An unusual cause of falls in a young woman

I Sleeman*, L Wiblin, D Burn

*Corresponding author for this work

Research output: Contribution to journalArticlepeer-review

4 Citations (Scopus)


Nitrous oxide is commonly used as an analgesic and anaesthetic agent. Nitrous oxide is also in use in industry as an aerosol propellant and is now recognised as a recreational drug whose use is growing, especially among the young. Nitrous oxide from whipped cream canisters is inhaled to produce a dissociative, intoxicated state. Nitrous oxide is known to inactivate vitamin B12 via oxidation, which can precipitate a demyelinating myelopathy akin to the classical B12 deficiency syndrome, subacute combined degeneration of the spinal cord. This case describes a young woman with chronic pain and a poor nutritional state who took regular nitrous oxide as an opiate-sparing agent. She developed a progressive subacute myelopathy with a sensory level, profoundly impaired joint position sense, extensor plantars and required a wheelchair. Once diagnosed, she responded well to a regime of nitrous oxide withdrawal, high-dose B12 replacement and physiotherapy. The case illustrates the need for clinical teams to be able to dentify a nitrous oxide-precipitated myelopathy as its use as a drug of abuse increases; particularly in the case of malnourished patients who receive nitrous oxide surgically or obstetrically.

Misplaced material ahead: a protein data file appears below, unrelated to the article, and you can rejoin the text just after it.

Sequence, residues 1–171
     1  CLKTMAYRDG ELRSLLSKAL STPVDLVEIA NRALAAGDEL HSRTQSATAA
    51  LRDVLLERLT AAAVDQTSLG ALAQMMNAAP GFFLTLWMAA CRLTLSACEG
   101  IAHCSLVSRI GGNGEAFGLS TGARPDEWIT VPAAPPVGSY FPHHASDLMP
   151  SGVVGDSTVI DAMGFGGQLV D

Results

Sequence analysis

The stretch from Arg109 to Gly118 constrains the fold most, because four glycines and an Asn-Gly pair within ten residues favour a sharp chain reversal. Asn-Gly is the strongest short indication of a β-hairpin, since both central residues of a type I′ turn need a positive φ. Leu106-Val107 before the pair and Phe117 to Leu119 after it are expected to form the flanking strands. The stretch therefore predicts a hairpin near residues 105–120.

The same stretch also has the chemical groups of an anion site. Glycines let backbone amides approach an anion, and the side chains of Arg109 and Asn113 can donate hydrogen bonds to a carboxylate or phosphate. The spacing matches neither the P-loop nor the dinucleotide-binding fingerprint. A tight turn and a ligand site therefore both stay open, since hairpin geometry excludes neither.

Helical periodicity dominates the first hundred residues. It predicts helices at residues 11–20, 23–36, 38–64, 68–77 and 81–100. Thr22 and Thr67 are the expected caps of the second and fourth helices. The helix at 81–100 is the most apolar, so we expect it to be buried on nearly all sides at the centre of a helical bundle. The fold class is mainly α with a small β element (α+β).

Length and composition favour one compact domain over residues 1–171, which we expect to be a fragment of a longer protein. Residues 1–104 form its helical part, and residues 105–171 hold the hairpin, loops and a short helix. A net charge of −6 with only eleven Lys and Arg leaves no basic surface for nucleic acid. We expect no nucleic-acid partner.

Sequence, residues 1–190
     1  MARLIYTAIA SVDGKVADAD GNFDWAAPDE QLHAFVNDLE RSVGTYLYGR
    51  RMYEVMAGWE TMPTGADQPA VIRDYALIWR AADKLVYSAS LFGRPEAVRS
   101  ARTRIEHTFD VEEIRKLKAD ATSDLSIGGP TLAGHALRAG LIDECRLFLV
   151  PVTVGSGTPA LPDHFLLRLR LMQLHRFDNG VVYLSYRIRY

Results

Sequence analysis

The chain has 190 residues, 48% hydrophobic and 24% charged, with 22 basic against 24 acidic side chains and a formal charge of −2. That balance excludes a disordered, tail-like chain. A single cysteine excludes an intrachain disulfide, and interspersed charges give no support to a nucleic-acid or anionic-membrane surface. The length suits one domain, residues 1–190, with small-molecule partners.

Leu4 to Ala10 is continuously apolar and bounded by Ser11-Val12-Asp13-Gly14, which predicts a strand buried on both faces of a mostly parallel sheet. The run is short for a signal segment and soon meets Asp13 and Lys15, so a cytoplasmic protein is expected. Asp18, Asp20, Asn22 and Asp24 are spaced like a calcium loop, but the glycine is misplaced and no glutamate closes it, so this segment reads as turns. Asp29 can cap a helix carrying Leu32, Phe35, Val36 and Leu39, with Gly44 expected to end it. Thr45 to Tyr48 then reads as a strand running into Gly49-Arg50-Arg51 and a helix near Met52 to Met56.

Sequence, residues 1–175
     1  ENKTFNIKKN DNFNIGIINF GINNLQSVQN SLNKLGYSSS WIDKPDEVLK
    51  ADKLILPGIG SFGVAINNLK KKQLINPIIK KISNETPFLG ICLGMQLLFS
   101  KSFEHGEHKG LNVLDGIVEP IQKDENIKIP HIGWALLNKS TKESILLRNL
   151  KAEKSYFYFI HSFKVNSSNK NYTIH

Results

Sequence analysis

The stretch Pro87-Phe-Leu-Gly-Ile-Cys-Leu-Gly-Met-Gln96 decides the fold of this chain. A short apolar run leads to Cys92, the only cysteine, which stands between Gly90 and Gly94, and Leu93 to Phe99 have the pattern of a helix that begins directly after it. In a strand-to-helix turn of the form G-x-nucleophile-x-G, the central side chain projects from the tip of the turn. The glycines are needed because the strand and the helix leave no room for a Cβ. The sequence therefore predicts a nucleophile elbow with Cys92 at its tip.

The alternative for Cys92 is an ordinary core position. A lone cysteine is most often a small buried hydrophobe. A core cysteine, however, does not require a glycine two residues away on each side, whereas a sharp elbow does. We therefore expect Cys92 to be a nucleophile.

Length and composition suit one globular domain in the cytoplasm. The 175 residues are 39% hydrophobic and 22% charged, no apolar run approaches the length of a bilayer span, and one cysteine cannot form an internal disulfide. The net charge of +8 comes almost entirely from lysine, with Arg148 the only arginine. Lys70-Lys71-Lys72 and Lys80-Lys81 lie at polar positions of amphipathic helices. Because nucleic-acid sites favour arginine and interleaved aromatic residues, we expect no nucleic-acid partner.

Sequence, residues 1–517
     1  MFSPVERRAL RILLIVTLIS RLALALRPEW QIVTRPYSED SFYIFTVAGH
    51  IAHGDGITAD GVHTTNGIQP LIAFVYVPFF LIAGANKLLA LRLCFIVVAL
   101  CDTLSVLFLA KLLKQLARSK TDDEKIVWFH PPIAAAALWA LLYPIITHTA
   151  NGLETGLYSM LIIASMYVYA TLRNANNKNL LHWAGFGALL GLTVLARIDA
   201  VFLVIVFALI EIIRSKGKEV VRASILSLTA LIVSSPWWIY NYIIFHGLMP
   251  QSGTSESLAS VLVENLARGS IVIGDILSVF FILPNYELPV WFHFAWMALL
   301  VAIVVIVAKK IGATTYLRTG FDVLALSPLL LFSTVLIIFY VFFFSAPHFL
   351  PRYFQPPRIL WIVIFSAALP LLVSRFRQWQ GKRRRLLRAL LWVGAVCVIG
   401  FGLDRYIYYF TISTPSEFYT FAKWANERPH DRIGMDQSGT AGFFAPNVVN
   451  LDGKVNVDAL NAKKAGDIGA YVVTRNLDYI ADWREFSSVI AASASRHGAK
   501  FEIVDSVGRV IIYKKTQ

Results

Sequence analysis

Original languageEnglish
Pages (from-to)160-162
Number of pages3
JournalThe journal of the Royal College of Physicians of Edinburgh
Issue number3
Publication statusPublished - 27 Sept 2016

Bibliographical note

We would like to thank the patient for her permission to publish the case study.


  • myelopathy
  • nitrous oxide
  • post-anaesthetic complication
  • recreational drugs


Dive into the research topics of 'An unusual cause of falls in a young woman'. Together they form a unique fingerprint.

Cite this